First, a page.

National Puppetry Festival 2017

July 18 – 22, 2017
Concordia University, St. Paul, Minnesota
INSPIRATION, CREATIVITY, ASTONISHMENT!

Puppet Festivals are ideas made real. Imagination brought to life. Creativity shared. Bonds made and friendships forged.

The National Puppetry Festival 2017 brings together nearly 400 puppet artists of all kinds, from all disciplines, from all over the country and around the world for outstanding workshops, performances, exhibits and people.
July 17 & 18
Eric and Shoshana Bass teach an Intensive Workshop
Creating Puppet Theater from Social Testimony: How to Give Voice to a Story of Personal Injustice

This workshop takes participants through the process of gathering community stories through a story circle exercise, developed by John O’Neal in the Free Southern Theater during the civil rights movement. The stories we tell will become the material for exploring the potential of puppets to embody these stories and the choices we have to give the stories voice. The focus of the workshop addresses how we can tell the story of someone else without “playing” that role, and without appropriating that culture. So the process looks at song, at the actor/puppet relationship, and at simultaneous scenes, among other techniques, to explore what makes the puppet a special medium for evoking testimony. Participants will work with Sandglass’ exercise puppets from day one, and with any objects or raw materials that seem appropriate on day two. Wear comfortable clothing in which you can move. There are no materials fees for this workshop and no pre-requisite skills necessary.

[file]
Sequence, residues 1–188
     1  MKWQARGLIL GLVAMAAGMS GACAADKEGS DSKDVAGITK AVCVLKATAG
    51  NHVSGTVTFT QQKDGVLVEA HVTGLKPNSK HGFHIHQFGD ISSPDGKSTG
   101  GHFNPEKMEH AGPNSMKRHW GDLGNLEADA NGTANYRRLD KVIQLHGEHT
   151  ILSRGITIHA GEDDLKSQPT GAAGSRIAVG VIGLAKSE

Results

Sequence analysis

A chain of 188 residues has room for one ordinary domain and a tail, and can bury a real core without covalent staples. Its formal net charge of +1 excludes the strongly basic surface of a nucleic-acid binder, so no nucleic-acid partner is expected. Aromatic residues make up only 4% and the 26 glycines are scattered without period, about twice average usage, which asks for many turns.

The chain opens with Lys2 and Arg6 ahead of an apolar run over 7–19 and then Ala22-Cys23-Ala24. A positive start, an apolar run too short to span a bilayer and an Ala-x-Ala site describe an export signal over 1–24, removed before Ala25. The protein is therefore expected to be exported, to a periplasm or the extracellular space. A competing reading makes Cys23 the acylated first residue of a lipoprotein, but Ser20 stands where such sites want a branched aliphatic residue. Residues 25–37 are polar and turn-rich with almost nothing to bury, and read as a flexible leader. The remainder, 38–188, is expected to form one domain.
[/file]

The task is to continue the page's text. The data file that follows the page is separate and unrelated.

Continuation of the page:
July 21st at 1 and 3:30 PM
Shoshana Bass performs
When I Put On Your Glove

When I Put On Your Glove is a puppetry, dance and spoken word piece that explores a daughter’s relationship to her father’s work building upon a premise that puppets are containers of memory. In it, a daughter explores what it means for her to slip into her father’s art – and not just the form, but the actual pieces. This work addresses universal questions of belonging, childhood, fear of loss, death and the complicated nature of navigating generational artistic legacy. The passing of these puppets into new hands marks a pivotal moment of generational transition for Sandglass Theater. It is an engagement with what legacy means in the field of puppetry; how an art form endures and transforms as it is handed to the next generation; meeting the voice of the past with the voice of the present, and singing it into the future.

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photo of Babylon by Kiqe Bosch